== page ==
When you hear of steampunk scents, what are the first things that come to mind?
“Does one of them smell like a typewriter wearing a monocle and spats? Or how ’bout a locomotive using a telegraph to send a message to a raven wearing a waistcoat?” (Thanks to Johnny B. for those guesses)
[Waahhh, messy workdesk]
Exactly. When you think of a scent catering to a particular subculture, your mind initially goes to the most ridiculous thing possible–a punk scent must smell like anarchy and a goth perfume would of course smell like clove cigarettes and Robert Smith’s tears. So first let’s get all the silly guesses out of the way–no, Steam Bath Factory products do not smell like goggles, or rayguns, or airships (or at least not the ones I’ve tried). So what do they smell like?
The two scents I have are Big Top and Full Moon, and Big Top is undoubtedly my favorite of the two. Big Top is sweet, but not sickeningly so, with a fruity scent that smells of either citrus or apple, and floral undertones. It’s a delicate scent, and it might be a bit of a stretch, but I might even say it has lovely, ladylike Victorian vibe. I highly recommend it.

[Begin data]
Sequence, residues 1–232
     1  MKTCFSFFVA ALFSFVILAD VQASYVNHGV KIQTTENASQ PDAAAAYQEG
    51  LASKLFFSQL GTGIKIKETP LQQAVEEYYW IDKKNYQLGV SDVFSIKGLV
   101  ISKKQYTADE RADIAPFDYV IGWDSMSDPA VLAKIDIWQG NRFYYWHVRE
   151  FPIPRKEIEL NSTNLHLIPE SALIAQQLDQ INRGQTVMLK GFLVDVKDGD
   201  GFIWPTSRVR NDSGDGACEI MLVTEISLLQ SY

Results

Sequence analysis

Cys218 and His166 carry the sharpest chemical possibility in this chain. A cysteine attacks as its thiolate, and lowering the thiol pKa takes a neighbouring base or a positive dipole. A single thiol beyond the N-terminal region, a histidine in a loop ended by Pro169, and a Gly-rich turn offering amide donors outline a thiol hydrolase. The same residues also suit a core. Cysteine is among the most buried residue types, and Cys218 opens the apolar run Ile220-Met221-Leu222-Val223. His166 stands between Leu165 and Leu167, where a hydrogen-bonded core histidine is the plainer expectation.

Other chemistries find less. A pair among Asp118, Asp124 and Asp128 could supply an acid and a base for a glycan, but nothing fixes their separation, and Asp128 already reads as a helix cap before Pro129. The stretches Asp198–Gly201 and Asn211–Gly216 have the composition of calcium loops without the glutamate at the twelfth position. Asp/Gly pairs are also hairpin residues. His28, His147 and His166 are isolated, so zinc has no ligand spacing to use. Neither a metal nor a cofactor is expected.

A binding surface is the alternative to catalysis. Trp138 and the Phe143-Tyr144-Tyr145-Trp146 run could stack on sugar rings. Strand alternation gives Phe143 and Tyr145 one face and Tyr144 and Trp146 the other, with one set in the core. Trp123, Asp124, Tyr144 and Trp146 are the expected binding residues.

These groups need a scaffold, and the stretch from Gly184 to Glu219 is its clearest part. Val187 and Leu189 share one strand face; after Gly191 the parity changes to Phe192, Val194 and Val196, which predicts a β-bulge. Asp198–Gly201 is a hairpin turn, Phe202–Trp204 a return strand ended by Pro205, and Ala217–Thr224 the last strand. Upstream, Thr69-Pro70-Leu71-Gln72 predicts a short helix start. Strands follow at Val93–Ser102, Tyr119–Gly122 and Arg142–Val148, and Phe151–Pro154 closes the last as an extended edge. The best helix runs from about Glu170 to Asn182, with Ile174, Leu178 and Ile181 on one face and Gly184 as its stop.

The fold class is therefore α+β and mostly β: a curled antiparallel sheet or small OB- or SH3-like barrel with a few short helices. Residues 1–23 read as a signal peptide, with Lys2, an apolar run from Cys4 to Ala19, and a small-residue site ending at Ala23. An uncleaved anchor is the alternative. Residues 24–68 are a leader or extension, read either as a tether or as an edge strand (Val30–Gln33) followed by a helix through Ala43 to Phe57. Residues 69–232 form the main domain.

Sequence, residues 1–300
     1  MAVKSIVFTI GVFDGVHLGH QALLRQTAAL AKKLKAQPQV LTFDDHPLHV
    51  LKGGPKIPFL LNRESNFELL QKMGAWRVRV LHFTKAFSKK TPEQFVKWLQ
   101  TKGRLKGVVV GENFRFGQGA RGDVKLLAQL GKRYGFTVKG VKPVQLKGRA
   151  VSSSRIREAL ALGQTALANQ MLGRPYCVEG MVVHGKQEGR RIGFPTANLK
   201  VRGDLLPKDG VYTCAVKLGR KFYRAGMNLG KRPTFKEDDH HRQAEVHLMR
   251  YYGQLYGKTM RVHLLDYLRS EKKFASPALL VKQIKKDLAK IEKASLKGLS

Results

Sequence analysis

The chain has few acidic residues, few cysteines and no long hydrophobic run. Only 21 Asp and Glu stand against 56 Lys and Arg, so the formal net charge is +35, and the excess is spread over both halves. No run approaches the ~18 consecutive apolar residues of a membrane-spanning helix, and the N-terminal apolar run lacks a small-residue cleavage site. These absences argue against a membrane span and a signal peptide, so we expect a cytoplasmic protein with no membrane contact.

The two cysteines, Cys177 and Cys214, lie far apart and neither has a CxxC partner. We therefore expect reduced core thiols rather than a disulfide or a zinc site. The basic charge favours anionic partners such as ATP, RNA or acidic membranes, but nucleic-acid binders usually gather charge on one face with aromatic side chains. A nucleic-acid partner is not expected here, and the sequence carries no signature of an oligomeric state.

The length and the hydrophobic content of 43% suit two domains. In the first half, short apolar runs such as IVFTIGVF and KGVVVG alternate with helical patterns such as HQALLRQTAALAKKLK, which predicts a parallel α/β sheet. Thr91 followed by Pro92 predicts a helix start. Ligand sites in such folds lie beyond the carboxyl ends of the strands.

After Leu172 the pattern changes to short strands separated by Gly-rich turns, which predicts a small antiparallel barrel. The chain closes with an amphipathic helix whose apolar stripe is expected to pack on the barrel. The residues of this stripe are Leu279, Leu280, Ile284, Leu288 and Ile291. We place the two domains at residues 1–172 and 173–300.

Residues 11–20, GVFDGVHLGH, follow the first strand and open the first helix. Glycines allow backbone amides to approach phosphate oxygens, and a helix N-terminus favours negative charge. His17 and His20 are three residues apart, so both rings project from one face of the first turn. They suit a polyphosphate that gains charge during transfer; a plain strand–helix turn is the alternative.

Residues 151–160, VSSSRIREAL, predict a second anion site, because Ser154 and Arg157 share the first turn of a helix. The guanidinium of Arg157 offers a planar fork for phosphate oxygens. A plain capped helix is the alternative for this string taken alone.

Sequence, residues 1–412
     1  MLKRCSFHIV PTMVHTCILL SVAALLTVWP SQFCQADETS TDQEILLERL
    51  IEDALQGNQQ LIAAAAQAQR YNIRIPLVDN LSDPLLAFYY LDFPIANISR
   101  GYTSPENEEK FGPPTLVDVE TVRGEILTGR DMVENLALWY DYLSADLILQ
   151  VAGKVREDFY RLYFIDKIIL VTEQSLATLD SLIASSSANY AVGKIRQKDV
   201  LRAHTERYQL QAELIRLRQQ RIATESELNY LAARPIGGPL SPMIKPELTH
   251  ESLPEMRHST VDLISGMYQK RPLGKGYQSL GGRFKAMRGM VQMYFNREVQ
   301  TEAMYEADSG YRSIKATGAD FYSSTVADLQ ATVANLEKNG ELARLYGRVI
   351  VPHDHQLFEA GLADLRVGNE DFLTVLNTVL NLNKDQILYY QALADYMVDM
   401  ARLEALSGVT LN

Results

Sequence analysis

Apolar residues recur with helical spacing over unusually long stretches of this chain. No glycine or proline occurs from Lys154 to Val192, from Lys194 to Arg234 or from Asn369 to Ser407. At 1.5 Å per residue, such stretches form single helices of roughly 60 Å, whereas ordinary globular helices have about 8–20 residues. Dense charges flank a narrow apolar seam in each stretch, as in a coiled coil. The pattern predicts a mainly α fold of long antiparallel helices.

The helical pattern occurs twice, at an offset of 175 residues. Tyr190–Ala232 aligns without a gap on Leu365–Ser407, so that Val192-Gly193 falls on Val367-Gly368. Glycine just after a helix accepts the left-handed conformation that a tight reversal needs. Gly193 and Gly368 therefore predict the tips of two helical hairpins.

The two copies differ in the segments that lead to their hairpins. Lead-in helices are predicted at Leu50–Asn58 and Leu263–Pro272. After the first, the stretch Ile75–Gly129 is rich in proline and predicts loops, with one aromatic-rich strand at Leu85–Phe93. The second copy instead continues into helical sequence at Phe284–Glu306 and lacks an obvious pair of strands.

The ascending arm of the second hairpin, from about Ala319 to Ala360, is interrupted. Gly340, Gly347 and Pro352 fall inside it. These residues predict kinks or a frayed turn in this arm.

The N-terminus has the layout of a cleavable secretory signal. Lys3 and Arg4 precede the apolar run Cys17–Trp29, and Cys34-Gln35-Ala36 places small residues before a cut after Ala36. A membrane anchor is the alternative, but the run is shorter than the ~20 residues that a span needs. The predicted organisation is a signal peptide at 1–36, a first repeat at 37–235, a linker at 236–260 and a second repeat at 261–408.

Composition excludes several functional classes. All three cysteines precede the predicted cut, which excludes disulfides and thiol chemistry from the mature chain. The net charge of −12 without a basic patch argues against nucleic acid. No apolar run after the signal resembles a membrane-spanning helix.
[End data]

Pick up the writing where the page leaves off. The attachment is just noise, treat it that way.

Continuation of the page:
[Yes, this picture is silly. Don’t think I don’t know that]
Full Moon, is a heavy, somewhat soapy scent, and to be honest, it smells a bit like Degree antiperspirant, infused with vanilla. That’s not necessarily a criticism, as it is pleasant overall, but for that you might be better off opting for the antiperspirant (remember, deodorant offers a clean scent and masks odors, it won’t actually stop you from sweating). However, while Big Top looks like a plain white stick of deodorant, Full Moon gets extra points for its antiqued brown tone and tiny brown flecks of steampunkery.
[My bedroom’s mini Victorian shrine]
Final verdict: I would buy Big Top again, but I’d skip Full Moon (though it’s currently unavailable on the site, so perhaps it’s been discontinued). I’d also be interested in checking out their other products and scents, sticking with ones that claim to have fruity or floral notes.
Image Credit: Airship illustration by Catell-Ruz